So we finally made it to our Nation’s Capital, Washington DC and we were in awe the entire time. We allotted two full days to take it all in. Friday morning we went to the Smithsonian Museum of Natural History (FYI all Smithsonian Museums are FREE, they each open at 10 and close at 5, and are opened every day of the year except Christmas). We hung out with dinosaurs, mummies, narwhals and learned about the Poor People’s Campaign of the 60’s and stories of Japanese Americans that were forced into camps after Pearl Harbor.
From there, the main event……our tour of the White House. In order to schedule a tour of the White House you must submit a request through your district’s State Representative (click this link to find yours). They need at least two months to process the request, so be sure to plan a head! The tour is self-guided and I was completely terrified of accidentally stepping into an area I wasn’t supposed to be and being tackled by the secret service, but once we got started it was all very clear. The tour consists of the East Wing only. We saw the China Room, the Green Room, the Library, a few more parlor type rooms, and a formal dining area. My favorite part was viewing all the famous art work you occasionally see on TV or in books, like the famous JFK portrait below. It was such a neat feeling to walk the halls where the most powerful men and women in the world have, see what they see and experience something not too many get to. This shot I took of the Washington Monument from the White House front porch will probably go down in our trip’s history book.
After the White House we went to check out all the different memorials and monuments. Lincoln was even bigger than I had expected, BJ was actually a little disappointed, and it was probably the first time since 6th grade that I had read the complete Gettysburg address. The Vietnam War Memorial Wall brought me to tears and BJ helped a veteran find his fallen comrade that had saved his life and many others. We walked through FDR’s and MLK’s on our way to the Jefferson monument, where we called it a day.
We took the weekend off and hung around the Pohick Bay Campground where we were staying. We took the pups on little hikes, hung by the fire and caught up on work (adulting, ugh).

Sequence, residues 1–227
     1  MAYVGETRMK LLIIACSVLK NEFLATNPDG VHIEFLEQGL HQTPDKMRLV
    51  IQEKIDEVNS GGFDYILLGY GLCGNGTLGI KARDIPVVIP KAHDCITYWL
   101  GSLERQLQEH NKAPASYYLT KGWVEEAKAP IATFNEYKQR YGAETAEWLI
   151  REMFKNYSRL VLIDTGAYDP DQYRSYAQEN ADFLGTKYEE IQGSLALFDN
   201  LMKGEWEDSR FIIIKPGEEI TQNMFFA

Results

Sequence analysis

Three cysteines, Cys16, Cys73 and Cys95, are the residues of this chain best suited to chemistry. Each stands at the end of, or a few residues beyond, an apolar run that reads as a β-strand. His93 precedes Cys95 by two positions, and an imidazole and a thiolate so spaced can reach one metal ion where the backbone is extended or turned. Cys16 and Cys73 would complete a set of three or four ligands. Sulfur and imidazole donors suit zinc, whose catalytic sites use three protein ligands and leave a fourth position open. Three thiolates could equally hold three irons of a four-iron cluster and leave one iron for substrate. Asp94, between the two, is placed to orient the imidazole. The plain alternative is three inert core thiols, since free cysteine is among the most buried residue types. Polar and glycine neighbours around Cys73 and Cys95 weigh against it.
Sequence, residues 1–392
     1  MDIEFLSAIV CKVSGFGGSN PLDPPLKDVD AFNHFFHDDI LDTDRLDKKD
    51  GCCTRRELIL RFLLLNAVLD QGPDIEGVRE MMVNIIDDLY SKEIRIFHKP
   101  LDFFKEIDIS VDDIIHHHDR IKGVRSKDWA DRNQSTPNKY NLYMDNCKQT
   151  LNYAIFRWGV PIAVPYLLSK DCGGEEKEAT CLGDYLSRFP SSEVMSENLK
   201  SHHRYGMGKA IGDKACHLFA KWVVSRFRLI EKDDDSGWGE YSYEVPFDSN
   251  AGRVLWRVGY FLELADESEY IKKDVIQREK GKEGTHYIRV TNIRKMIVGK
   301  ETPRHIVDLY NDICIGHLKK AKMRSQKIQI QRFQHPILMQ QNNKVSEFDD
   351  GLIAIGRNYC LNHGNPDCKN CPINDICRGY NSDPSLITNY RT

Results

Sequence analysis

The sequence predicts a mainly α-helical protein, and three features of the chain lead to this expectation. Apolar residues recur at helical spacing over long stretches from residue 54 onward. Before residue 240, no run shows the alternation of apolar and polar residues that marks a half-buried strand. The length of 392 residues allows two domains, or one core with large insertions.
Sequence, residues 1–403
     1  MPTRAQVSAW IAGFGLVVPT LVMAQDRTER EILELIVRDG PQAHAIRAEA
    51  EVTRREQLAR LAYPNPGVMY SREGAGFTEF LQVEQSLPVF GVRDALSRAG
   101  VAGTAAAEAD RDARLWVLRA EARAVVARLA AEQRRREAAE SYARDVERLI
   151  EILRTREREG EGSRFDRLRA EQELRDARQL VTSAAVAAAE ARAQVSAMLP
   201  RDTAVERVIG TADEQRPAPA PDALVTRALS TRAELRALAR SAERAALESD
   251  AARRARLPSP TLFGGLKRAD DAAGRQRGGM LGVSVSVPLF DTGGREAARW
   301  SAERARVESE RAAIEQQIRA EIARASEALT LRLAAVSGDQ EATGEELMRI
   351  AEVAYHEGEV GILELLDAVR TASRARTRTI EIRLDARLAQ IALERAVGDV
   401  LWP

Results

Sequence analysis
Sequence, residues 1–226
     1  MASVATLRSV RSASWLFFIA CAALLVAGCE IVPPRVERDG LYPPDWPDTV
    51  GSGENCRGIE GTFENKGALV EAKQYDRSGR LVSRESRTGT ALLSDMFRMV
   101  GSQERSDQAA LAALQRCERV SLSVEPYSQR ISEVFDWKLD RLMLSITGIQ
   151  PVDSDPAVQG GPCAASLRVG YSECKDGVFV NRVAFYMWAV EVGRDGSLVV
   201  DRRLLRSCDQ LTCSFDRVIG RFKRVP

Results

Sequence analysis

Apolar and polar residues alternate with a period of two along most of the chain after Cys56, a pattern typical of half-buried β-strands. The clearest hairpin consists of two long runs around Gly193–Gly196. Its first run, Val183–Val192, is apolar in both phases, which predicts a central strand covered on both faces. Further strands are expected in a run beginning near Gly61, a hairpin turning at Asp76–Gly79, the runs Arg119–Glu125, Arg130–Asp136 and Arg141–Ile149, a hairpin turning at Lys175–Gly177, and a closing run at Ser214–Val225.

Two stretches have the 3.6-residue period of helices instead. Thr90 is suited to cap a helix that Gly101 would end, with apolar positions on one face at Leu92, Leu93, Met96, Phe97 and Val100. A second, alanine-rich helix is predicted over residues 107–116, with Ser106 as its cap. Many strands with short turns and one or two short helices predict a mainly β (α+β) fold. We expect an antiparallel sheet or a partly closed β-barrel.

Monday we had a private tour of the Capitol building. We were offered this after requesting and being approved for the White House tour. I’m not sure if every Representative offers this type of tour, but be sure to ask. Katie, in Representative Loudermilk’s office, was our tour guide and she did a fantastic job. There is so much history in the Capitol and so many interesting stories. We saw where Washington’s tomb was to be on display forever, but his family knew he would not have wanted to be treated as a King, so after some back and forth in the courts, they were granted the right to bury him at Mt. Vernon where he wished. We saw the original Supreme Court, the original House of Representative’s floor and where Ab Lincoln’s desk once stood. We walked the House floor and saw the bullet hole where Gabby Giffords had been shot (eerie) and where the President addresses the nation. The Capitol tour, for me, was actually better than the White House, but I’m definitely glad we did both!
After the Capitol we grabbed lunch and then headed over the National Archives (again, FREE) to see the ORIGINAL Declaration of Independence, Constitution and Bill of Rights. The room was very dark and the words of the Declaration of Independence had pretty much faded, the only stroke remotely legible was the giant “J” of John Hancock’s signature. It was somewhat crowded and there isn’t a line, so it was kind of a mess, with folks pushing their way through. But nothing could ruin that moment for me. Everyone should take the time to visit DC, see the sites and soak in the history!
On the way home we stopped at Arlington National Cemetery. I felt the tears start the moment I saw the first grave stone. There were so, so, so, so many. It did bring me some comfort to see that some of the men and women laid to rest had lived long, full lives. And of course there were the others that went too soon, serving and protecting the American people. We walked to JFK’s burial site, along with Jackie. Then over to the Tomb of the Unknown soldier where we witnessed the changing of the guards. We read all about the decision to create of the tomb, who would be interned there, and the many others just like it in Europe, where they also honor an Unknown American Soldier. I felt silly as tears rolled down my face reading each story, watching the soldiers marching to guard the tomb, but I just couldn’t stop thinking about the millions of lives lost at war and the brave people that risk it all for me. Thank you for your sacrifice!
We used the Metro for all of our inter and somewhat outer city travels and I highly recommend it! We took SOOOOOOO many photos and I had planned to create a gallery, but have yet to download and purge from my phone and BJ’s. I know, it’s pure laziness, but after working I like to step away from this screen for as long as humanly possible, you get it.
POOF, like that, it was over. Something we had been anticipating for months had come and gone. It was a whirlwind and exciting trip that I will NEVER EVER forget and I just feel so lucky that we got to experience it all.
We’ve been traveling with breaks in small destinations and we’re currently at our longest stop in a while, 2 weeks just outside of Ashville, NC. We plan on taking long motorcycle rides through the Smokey’s, eating BBQ, drinking craft beer and relaxin’.